Arts & Life

There's no shortage of books about how parents affect their children's lives, but what about vice versa? That's what New York Magazine contributing editor and mother Jennifer Senior sets out to investigate in All Joy and No Fun, a book about parental well-being.

Moms-to-be are often reminded that they're eating for two. It's tempting to take this as an excuse to go for that extra scoop of the ice cream. (Believe me, I've been there.)

But a solid body of research suggests that expectant mothers should be walking away with the opposite message: Pregnancy should be a time to double-down on healthful eating if you want to avoid setting up your unborn child for a lifetime of wrestling with obesity.

The Oscar nominations are so strangely timed (for us) that we didn't get to them last week, so this is the week we take a look at what didn't make the cut that we wish had gotten through. Nothing will cast light on this discussion more than Mark Harris' terrific piece at Grantland about the effect of the expanded Best Picture field on all the other categories, which hasn't been as ...

Transcript

DAVE DAVIES, HOST:

This is FRESH AIR. "Gloria" is a new film from Chile that centers on a late-middle-aged divorced woman whose life is full of uncertainties. She's played by Paulina Garcia, who won the top acting prize - the Silver Bear - at the 2013 Berlin Film Festival, where the movie was a surprise hit. It opens this week in New York and Los Angeles, and wider next month. Film critic David Edelstein has this review.

As New Year's resolutions go, cutting back on food and drink are right at the top of the list. And while those resolved to change their eating habits may cut the carbohydrates or say a sweet goodbye to sugar, for regular drinkers, the tradition may involve what's known as a dry January: giving up booze for a month.

But could such a short-term breakup with alcohol really impart any measurable health benefits?

The face is the same, but the personality is different. It's a sobering, unfair truth that Vanetia (Maxine Peake) must confront about her husband. Again and again, in fact, once he's returned home from the hospital, after months in a coma and recovery in the wake of a rare kind of stroke.

Each year's Grammy Awards offer their own questions and controversies based on how the nominations pan out, but there are a few points of contention that come up year after year. There's the difference between Song Of The Year and Record Of The Year. How a song can be eligible for nomination this year when the album it came from was nominated last year (or vice versa). The precise eligibility requirements for Best New Artist, a category that can be (and has been) won by performers several albums into their careers.

The daily lowdown on books, publishing, and the occasional author behaving badly.

60 Years Of Poems Mix Anger, Ambivalence And Authority

Jan 24, 2014

Derek Walcott, who won the Nobel Prize in 1992, is one of the biggest living figures on the world literary scene. He is a celebrated playwright and a painter, but a new selection of his work focuses on the achievement for which he is best-known: his poetry.

Walcott's home, and the gravitational center of his writing, is the Caribbean Island of St. Lucia, which was tossed restlessly between French and English colonial overlords for hundreds of years until it finally achieved independence in 1979.

The lake in Alain Guiraudie's Stranger by the Lake is gorgeous — aquamarine, pristine, surrounded by pebbly beaches and dense woods. Families cluster on the far side of it, but on the side we see, there are only men. It's a gay cruising spot, frequented by mostly nude sunbathers and swimmers, many of whom come here often enough to know each other by sight if not by name.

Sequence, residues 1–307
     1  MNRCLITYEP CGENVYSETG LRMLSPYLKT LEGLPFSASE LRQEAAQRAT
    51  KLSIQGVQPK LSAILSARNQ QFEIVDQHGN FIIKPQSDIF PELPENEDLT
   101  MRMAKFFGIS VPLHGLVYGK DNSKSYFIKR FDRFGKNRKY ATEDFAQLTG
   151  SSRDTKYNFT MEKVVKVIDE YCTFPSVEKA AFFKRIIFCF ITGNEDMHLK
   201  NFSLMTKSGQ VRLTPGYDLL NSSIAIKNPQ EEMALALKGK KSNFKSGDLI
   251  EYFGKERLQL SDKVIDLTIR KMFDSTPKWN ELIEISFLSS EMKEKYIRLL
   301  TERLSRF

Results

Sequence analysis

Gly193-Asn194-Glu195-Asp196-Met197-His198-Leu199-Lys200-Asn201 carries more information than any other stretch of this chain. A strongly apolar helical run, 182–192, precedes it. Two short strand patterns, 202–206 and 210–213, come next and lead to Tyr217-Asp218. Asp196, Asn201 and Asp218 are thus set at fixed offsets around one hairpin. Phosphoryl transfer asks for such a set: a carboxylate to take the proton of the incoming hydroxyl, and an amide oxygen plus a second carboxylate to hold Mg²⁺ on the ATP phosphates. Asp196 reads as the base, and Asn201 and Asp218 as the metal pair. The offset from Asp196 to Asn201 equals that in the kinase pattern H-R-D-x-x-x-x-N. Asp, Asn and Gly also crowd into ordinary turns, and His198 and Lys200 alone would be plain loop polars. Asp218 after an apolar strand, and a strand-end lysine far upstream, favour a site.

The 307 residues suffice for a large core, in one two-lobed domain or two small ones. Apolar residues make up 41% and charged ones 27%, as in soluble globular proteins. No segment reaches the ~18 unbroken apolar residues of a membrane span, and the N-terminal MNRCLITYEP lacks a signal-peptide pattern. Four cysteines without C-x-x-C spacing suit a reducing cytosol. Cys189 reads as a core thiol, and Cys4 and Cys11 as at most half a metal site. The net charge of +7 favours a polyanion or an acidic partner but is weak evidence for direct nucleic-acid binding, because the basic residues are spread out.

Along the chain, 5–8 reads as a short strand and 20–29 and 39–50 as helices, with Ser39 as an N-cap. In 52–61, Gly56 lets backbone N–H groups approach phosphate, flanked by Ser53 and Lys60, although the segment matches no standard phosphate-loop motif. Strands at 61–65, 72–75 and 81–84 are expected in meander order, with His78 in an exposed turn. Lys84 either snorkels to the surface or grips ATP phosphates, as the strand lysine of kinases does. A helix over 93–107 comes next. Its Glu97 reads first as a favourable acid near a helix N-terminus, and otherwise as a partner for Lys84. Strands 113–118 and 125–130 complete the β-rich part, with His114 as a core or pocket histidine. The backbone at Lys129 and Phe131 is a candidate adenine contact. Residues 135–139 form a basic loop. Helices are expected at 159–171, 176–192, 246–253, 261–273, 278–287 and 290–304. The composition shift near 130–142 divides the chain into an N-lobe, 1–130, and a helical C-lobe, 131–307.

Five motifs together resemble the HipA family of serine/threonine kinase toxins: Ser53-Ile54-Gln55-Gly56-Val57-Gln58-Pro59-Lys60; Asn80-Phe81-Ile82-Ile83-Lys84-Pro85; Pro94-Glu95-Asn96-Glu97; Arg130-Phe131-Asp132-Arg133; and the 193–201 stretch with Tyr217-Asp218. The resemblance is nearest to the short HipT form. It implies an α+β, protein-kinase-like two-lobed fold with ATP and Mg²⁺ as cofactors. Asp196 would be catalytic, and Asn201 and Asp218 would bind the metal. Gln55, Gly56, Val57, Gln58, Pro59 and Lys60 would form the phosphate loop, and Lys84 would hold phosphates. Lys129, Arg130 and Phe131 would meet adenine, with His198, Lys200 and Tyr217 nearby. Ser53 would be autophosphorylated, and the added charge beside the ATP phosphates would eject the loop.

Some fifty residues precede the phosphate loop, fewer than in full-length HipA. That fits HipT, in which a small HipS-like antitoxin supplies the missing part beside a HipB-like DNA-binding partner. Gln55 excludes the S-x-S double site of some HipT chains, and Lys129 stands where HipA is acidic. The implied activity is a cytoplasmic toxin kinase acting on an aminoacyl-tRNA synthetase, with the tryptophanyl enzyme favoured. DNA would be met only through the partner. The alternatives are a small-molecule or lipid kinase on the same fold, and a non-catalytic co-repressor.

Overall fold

Jenny Offill's novel Dept. of Speculation, which weighs in at 192 pages soaking wet and includes a fair amount of white space, is extremely short for a novel. It's an unusual book not only in terms of its size, but also its form. Make no mistake, this is an experimental novel. By which I mean that the narrative isn't a series of flowing scenes that keep you reassuringly grounded in plot, but a collection of vignettes, observations and quirky details that are sometimes pulled from real life.

National Weather Service

Alabama's coldest temperatures of the week are expected early Friday morning, with lows dropping into the single-digits in northern parts of the state.

The National Weather Service will have a wind chill advisory in effect from 9 p.m. Thursday to 6 a.m. Friday for northern Alabama counties that include the cities of Huntsville, Athens, Guntersville, Scottsboro, Fort Payne and Fayetteville. In those areas, forecasters say the wind chill value could be as low as 8 degrees below zero in higher elevations.

The Chilean matron at the heart of the wonderfully unsettling comedy Gloria looks like any ordinary woman confronting the familiar dilemmas of late middle age. For other reasons, though, you may feel as though you've met her before.

There are five named female characters in Joe Swanberg's 24 Exposures, and all of them spend significant portions of the movie ... well, exposed.

Actually, most of the unnamed female characters wind up in various states of undress as well, a fact that's part of a point Swanberg seems to be trying to make about objectification of women in art. In 24 Exposures, though, he straddles the line between criticizing that objectification and engaging in it himself.

As I type this, I'm also reading a blog post on Richard Sherman's Stanford days, emailing back-and-forth with a colleague about an upcoming interview and Google-chatting with my friend Reeve about Sunday's episode of HBO's True Detective. This is probably not unlike your regular media multitasking experience, which I assume is just shortening our attention spans and making us even more easily distracted.

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